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In my open source with offline client side encryption application, I plan to use AES-CTR or ChaCha20 without MAC instead of GCM or Poly1305 since:

  1. There is no database, the ciphertext, nonce, tag stored and encryption happened completely on the user's device, no need to verify authenticity or integrity with any API endpoint.

  2. Without MAC seems faster and less complicated

Is there any reason to choose MAC or AEAD in this case?

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    $\begingroup$ I've already answered this multiple times in your other question... Yes, you should use a MAC/AEAD to prevent an attacker from being able to modify the ciphertext and to prevent the ciphertext decrypting to gibberish when you use incorrect parameters. 'Faster and less complicated' is also not very accurate because AEADs are extremely fast and a decent cryptographic library results in an AEAD interface as difficult to use as an unauthenticated cipher (aka the tag is part of the ciphertext). $\endgroup$ Sep 4, 2022 at 16:10

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The goal of encryption is typically to provide at least privacy: that is, unauthorized parties should not be able to determine the contents of the message. If you assume that there is an unauthorized party that wants to read the message, that unauthorized party might also want to modify the message. AES-CTR is extremely vulnerable to this in that changing a bit in the ciphertext results in the corresponding bit changing in the plaintext.

Thus, you absolutely need a MAC or an AEAD, since your goal is presumably to properly secure the message. If you do not care about securing the message, then there is no need to encrypt it, either.

Using an AEAD in this case is extremely fast. AES-256-GCM on my laptop can encrypt at over 6.9 GB/s, AES-256-OCB can encrypt at over 9.6 GB/s, and even ChaCha20-Poly1305 can encrypt at 2.7 GB/s. ChaCha20-Poly1305 will perform better on machines without AES acceleration, and the other two will perform better on machines with AES acceleration. Assuming you properly verify the tag and use them in a secure way, all of these are solid, respectable choices for algorithms, and they can usually encrypt faster than you can write the data to disk or over the network, so performance is usually not a concern.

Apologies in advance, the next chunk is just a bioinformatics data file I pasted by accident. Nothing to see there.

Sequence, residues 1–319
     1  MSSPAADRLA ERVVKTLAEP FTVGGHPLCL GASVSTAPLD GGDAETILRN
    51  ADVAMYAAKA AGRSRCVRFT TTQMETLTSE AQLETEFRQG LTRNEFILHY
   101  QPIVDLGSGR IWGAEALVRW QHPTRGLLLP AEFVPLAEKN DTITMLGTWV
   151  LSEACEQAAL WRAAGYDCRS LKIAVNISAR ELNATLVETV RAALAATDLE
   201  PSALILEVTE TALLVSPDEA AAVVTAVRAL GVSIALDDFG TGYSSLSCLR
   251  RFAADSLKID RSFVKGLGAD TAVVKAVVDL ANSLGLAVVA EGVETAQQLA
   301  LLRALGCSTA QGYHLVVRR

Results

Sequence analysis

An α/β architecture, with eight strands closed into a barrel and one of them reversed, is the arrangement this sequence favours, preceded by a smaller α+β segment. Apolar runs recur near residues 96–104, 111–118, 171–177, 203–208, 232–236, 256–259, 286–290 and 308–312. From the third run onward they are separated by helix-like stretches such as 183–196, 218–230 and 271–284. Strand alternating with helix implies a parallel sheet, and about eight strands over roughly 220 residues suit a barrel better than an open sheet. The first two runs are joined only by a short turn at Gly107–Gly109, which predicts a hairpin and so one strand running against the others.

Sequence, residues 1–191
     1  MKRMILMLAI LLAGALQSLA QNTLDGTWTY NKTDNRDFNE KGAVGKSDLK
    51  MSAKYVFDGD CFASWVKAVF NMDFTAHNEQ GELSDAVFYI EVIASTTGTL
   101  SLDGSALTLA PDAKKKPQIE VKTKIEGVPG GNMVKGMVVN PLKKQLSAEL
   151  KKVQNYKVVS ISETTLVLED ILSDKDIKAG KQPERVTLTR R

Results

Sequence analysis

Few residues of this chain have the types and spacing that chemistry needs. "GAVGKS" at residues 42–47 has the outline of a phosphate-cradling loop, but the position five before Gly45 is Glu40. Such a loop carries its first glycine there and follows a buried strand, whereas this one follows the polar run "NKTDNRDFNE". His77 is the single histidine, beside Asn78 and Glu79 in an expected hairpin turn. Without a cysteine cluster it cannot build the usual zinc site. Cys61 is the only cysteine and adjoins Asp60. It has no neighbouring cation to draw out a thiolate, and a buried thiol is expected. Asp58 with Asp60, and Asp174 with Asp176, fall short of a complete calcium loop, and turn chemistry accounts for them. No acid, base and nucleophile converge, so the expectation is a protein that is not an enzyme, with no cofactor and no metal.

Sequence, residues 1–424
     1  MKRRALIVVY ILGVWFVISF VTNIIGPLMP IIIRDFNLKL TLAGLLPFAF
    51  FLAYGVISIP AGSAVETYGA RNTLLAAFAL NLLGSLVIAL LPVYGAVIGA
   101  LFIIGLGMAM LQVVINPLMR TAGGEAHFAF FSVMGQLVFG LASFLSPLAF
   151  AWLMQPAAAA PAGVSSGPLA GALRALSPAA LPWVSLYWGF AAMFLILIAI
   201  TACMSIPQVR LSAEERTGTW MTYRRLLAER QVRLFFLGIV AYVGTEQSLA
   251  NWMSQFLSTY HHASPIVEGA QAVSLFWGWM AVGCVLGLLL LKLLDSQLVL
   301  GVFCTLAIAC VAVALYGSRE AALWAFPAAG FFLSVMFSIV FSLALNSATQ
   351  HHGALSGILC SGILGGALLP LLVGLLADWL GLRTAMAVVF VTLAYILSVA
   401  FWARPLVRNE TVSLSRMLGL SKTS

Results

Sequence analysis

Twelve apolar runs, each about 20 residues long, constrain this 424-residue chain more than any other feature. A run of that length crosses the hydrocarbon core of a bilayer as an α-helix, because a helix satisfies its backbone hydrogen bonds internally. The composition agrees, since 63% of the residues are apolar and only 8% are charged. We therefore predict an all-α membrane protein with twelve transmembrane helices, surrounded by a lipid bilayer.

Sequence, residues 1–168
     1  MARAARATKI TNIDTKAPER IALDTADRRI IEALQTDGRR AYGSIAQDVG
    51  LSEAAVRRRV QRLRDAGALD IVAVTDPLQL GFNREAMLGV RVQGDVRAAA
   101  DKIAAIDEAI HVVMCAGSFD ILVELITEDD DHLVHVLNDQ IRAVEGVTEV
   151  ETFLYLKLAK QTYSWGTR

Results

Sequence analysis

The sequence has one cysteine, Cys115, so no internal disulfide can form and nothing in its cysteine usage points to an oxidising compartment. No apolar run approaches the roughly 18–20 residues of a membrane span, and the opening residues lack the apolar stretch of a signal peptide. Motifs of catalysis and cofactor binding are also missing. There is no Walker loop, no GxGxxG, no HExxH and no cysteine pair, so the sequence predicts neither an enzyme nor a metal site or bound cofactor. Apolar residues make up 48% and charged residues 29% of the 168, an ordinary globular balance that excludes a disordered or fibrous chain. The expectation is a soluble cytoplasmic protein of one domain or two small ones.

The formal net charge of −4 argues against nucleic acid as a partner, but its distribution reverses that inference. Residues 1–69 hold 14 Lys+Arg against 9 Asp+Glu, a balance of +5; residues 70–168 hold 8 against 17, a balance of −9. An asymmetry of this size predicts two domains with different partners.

If you're going to encrypt or decrypt large amounts of data, you can simply use a chunked approach with a chunk counter in the additional data, and then use a standard cryptographic library like OpenSSL to do the encryption and decryption, which is secure and very easy to do.

Note that if you do not use a MAC or AEAD, then your software will contain a security vulnerability, and someone will likely issue a CVE for it, which you'll then need to address. Since you'll have to fix the problem then anyway, you might as well design a secure approach in the first place, which will be faster and easier than having to do it later on, and it will also make users have more confidence in your software.

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  • $\begingroup$ You are correct that performance is irrelevant. But you should perhaps mention the threat model. If the threat model is that nobody will access the computer unauthorised, you don't need encryption. If the threat model is the usual one, where tampering with the ciphertext is an acceptable adversarial goal, you need CCA security. Only if the threat model is that no adversary will be interested in modifying your plaintext, you can make do with CPA security. This may seem unlikely, I agree, and may have consequences if people disagree with the threat model chosen. $\endgroup$
    – K.G.
    Sep 6, 2022 at 7:09

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